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Saturday, April 20
The Indiana Daily Student


An elitist's holiday

Halloween might be over, but there was one trick this year I just can’t get past.

“Dear Prudence,” an advice blogger on the online magazine Slate, received a letter from a reader who went by the name Halloween for the 99 Percent.

In the letter, 99, as Prudence referred to the reader throughout her response, described how they lived “in one of the wealthiest neighborhoods in the country” and how it bothered them that many of the trick-or-treaters were supposedly clearly not from their ?neighborhood.

Normally, I wouldn’t care about what happens on a blog, but this letter was just too contemptuous and nauseatingly elitist to ignore.

I think perhaps the most shocking comment from Halloween for the 99 Percent was when they said, “Halloween isn’t a social service or a charity in which I have to buy candy for less fortunate children.”

It’s quite hilarious that the celebration of a holiday and a social service are separated by such a fine line that the quality of the children’s costumes or the make of a parent’s car can cross it.

In the end, there is no difference between giving rich kids candy and giving slightly-less-rich kids candy.

Saying there is a difference is like suggesting that, for Christmas, there should be a normal Santa at the mall and then a VIP Santa wearing a suit lacquered in gold for those kids whose parents think mixing the two groups would result in unwanted economic ?conflict.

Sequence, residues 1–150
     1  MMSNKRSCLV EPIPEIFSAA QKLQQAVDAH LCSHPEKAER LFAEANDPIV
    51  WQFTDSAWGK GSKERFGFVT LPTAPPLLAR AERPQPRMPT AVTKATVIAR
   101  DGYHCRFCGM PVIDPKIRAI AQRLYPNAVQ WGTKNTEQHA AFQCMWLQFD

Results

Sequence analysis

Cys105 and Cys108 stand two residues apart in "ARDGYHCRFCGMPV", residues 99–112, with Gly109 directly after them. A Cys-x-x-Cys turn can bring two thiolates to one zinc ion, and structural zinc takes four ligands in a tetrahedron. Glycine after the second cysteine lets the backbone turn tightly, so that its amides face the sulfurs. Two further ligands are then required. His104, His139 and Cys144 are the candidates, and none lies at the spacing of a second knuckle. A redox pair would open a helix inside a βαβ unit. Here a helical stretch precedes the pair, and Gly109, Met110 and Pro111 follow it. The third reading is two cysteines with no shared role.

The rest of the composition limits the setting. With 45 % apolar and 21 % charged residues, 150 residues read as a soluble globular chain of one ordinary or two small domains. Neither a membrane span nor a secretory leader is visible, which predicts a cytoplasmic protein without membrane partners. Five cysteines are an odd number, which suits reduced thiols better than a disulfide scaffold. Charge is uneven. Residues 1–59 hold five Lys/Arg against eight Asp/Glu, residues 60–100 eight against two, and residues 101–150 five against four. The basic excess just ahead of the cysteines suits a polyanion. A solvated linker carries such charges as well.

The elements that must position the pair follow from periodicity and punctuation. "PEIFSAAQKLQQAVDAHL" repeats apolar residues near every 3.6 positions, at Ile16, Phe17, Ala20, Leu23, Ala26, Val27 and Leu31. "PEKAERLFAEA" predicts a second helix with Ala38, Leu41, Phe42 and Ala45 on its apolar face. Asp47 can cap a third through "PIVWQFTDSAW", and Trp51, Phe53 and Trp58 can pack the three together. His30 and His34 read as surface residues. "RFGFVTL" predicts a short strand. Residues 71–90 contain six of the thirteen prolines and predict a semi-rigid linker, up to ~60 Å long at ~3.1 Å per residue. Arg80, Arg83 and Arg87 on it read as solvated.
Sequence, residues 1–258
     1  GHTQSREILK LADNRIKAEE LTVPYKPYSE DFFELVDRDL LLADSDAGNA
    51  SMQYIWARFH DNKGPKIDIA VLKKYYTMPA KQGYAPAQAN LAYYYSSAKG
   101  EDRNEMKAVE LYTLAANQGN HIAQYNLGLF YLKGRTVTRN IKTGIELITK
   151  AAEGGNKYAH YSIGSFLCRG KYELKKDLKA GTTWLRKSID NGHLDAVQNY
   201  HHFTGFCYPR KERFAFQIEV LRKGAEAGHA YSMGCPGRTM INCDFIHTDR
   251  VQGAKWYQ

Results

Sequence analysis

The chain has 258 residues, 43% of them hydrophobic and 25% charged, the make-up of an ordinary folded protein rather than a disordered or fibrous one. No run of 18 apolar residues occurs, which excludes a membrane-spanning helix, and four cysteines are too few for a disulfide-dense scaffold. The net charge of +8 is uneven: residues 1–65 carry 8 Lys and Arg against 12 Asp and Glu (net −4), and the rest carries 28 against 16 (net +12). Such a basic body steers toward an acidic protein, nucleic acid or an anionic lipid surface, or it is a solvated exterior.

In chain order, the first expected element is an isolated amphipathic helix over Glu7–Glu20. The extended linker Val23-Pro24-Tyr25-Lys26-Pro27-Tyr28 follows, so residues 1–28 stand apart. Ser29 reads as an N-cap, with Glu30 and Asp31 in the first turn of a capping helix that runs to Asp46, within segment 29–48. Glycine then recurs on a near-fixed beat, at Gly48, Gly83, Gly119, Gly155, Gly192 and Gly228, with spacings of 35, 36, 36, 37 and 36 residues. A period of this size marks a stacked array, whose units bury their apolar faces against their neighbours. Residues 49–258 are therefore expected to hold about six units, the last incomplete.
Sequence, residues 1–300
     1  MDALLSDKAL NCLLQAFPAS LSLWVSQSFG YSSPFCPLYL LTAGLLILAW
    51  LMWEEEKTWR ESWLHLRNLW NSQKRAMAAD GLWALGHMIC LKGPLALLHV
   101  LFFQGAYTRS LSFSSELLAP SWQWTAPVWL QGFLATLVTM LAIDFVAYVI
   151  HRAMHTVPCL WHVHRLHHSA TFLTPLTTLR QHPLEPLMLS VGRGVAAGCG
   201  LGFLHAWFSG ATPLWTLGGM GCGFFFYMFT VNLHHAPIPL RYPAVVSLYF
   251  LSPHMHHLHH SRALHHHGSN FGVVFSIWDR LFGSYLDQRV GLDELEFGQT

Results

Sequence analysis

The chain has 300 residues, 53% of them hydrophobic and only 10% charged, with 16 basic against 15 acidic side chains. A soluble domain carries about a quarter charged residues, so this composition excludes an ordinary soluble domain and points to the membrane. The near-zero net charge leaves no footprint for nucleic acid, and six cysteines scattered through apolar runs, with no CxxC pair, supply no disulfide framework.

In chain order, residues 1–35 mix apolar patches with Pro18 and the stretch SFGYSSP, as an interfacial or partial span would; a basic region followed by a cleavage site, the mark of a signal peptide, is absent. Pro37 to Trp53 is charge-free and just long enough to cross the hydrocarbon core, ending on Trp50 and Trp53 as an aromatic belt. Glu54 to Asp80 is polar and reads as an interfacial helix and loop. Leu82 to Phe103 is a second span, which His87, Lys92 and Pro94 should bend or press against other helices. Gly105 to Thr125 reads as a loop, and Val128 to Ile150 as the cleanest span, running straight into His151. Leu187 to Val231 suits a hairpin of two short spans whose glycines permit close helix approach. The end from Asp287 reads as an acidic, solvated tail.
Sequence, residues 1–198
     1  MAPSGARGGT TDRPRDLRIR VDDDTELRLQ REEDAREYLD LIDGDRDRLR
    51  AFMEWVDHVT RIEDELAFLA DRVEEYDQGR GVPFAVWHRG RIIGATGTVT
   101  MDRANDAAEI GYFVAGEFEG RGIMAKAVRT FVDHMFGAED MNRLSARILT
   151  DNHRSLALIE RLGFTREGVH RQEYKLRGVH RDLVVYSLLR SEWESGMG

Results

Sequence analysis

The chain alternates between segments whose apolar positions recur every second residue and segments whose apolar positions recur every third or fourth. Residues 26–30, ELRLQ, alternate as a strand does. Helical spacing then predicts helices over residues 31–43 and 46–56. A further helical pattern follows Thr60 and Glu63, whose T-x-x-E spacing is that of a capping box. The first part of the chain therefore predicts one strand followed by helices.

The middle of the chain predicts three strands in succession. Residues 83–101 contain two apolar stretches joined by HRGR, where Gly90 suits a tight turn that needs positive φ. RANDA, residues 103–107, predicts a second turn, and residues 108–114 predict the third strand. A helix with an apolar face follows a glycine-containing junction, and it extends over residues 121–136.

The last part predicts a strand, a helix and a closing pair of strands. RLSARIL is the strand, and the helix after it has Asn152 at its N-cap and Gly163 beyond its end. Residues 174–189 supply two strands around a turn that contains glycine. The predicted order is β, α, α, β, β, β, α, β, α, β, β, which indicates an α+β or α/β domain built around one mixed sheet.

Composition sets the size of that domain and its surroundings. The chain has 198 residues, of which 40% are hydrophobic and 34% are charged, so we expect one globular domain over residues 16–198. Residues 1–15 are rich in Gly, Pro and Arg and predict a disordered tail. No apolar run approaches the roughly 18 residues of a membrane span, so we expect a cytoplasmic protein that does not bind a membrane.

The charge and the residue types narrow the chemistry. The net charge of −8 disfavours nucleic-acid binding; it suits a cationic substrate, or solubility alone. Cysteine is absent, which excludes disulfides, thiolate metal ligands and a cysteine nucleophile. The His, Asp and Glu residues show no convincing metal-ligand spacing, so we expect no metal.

Further, it’s interesting that anyone would even consider Halloween as some sort of charitable event where the well-off businesspeople and doctors take pity upon the lowly children of blue-collar families and give them a king-sized candy bar.

It’s just such an incongruity that a holiday based on voluntary participation could be construed as a social service, especially since, in the end, the only social service given is in the form of candy bars.

The reasoning for this determination is the best part of the entire letter.

Halloween for the 99 Percent believes they shouldn’t be responsible for giving less fortunate children candy because they “already pay more than enough taxes toward actual social ?services.”

Ah, yes. Here it is. The classic I-pay-taxes-so-I-don’t-have-to-do-something-I-don’t-want-to-do trick and the I-can-hide-my-prejudices-because-the-government-takes-some-money-from-my-paycheck plan.

I’m glad Halloween for the 99 Percent feels justified that they are doing enough for the less fortunate with the tax dollars they have to pay and then never care about them again.

On a brighter note, Prudence delivered a ?surprising response.

In her own words, Prudence tells Halloween for the 99 Percent to stop “being callous and miserly and go to Costco, you cheapskate, and get enough candy to fill the bags of kids who come one day a year to marvel at how the 1 percent live.”

I don’t think I could have put it any better.

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